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Should San Diego City Council members find that a 1990 study of the Navy Broadway Complex’s impact on the environment is outdated, City Attorney Mike Aguirre said they could call for an entirely new review of the site, which could add significant time and costs to the project.

In a memo sent to council members, who will decide next Tuesday whether the environmental document still holds up, Aguirre said the lawmakers could decide to order a new or supplemental study of the hotel-and-office multiplex’s impacts on its downtown surroundings. Such a move could delay construction of the project, which is slated to break ground in mid-2007, by several months.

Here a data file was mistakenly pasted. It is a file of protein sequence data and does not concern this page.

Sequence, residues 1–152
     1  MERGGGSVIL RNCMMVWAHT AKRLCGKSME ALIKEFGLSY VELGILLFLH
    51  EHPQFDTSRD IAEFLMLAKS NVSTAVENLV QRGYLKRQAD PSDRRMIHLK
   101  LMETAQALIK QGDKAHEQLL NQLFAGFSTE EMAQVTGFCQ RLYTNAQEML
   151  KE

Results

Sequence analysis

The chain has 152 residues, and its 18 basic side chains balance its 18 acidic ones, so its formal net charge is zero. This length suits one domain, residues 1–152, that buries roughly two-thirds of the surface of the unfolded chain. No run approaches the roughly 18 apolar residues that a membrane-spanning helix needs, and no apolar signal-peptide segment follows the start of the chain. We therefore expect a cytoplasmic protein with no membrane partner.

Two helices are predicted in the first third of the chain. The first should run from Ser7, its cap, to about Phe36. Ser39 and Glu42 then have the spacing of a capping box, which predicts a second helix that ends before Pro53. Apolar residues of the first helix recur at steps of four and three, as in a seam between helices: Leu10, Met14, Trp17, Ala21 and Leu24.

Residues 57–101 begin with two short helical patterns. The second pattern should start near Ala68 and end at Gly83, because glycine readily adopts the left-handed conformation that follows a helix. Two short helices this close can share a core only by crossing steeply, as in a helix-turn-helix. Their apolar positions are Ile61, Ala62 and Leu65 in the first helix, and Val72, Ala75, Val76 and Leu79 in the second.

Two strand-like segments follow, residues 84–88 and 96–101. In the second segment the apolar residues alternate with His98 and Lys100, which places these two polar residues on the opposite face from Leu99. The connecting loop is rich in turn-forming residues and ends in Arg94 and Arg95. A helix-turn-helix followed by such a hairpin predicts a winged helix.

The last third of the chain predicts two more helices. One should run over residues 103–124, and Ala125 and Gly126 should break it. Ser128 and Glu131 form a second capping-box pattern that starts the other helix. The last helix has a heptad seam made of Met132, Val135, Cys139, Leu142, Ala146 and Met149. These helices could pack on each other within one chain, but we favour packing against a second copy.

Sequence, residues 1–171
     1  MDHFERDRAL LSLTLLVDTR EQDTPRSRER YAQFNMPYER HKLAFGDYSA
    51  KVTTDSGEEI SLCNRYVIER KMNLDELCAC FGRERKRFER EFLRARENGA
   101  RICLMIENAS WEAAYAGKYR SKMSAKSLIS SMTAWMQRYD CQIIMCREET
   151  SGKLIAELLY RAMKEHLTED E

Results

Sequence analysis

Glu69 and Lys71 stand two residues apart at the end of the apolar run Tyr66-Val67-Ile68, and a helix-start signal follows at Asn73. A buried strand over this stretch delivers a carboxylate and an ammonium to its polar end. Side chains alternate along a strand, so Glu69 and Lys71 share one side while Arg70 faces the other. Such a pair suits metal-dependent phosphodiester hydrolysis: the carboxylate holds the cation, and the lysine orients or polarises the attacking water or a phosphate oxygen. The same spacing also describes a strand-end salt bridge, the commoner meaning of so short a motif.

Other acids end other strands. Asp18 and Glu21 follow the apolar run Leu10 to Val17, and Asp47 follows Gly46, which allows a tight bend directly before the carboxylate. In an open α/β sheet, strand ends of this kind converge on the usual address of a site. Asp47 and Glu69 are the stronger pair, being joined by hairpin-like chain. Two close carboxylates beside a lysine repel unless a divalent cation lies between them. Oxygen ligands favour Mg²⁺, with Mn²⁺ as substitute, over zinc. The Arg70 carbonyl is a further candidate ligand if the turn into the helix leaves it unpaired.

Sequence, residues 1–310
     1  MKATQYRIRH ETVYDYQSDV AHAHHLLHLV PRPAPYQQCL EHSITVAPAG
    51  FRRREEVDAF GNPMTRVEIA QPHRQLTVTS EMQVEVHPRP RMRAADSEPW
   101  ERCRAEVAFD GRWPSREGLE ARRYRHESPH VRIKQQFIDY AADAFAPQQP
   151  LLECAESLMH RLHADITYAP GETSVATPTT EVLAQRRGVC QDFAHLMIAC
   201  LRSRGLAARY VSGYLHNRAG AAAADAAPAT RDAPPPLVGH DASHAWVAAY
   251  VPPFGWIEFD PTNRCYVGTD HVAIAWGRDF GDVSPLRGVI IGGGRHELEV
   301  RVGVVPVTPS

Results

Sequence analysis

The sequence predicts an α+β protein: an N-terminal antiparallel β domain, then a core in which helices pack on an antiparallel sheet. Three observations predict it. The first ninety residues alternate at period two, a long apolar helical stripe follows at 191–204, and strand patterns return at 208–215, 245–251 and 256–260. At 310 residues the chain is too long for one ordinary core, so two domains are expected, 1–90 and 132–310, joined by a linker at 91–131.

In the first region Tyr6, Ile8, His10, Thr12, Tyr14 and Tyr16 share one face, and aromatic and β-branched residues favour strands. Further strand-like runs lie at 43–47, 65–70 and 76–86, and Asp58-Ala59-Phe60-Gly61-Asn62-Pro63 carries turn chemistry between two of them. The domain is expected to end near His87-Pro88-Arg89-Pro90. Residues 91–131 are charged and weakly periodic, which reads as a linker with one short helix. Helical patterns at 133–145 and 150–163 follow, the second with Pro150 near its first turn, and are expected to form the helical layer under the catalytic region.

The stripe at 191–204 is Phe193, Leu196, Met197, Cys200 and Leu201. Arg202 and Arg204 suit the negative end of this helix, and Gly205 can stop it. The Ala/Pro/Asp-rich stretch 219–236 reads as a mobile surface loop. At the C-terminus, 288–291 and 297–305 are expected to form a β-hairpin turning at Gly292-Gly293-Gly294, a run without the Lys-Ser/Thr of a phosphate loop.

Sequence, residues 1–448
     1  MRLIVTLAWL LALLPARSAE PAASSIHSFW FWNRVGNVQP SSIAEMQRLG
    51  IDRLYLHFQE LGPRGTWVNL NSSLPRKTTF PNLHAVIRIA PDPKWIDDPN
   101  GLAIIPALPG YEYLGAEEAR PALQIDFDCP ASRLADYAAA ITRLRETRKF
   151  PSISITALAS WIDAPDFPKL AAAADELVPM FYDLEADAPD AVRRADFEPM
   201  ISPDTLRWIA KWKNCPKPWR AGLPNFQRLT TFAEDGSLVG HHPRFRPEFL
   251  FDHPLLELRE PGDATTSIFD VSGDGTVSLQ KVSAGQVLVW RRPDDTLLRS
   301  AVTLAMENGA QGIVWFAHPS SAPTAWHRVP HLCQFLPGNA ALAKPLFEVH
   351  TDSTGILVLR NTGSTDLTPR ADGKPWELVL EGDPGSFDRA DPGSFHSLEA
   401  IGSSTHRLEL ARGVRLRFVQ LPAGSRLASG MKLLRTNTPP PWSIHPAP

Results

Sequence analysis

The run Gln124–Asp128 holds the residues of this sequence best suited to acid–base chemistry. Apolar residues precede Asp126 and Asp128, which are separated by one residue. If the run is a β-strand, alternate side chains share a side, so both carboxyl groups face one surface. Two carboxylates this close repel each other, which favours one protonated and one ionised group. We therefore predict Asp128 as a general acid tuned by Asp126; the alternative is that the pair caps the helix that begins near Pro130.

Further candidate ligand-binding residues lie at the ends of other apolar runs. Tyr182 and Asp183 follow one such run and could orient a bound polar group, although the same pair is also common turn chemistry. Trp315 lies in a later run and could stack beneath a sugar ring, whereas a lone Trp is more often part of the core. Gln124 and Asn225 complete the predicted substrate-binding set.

In addition to that opinion, Aguirre offers some hints about his take on the 1990 study, echoing the concerns activists have made for months about the residual impact of residential buildings that have sprouted up in the Marina District since the 1990 study; the security implications of housing military headquarters in a dense urban area; the new development’s tug at the needs of public services such as police and fire; and the proximity of nearby earthquake faults to the proposed development.

The city’s Development Services Department determined in October that the environmental study sufficed, and the downtown planning board affirmed that decision a week later.


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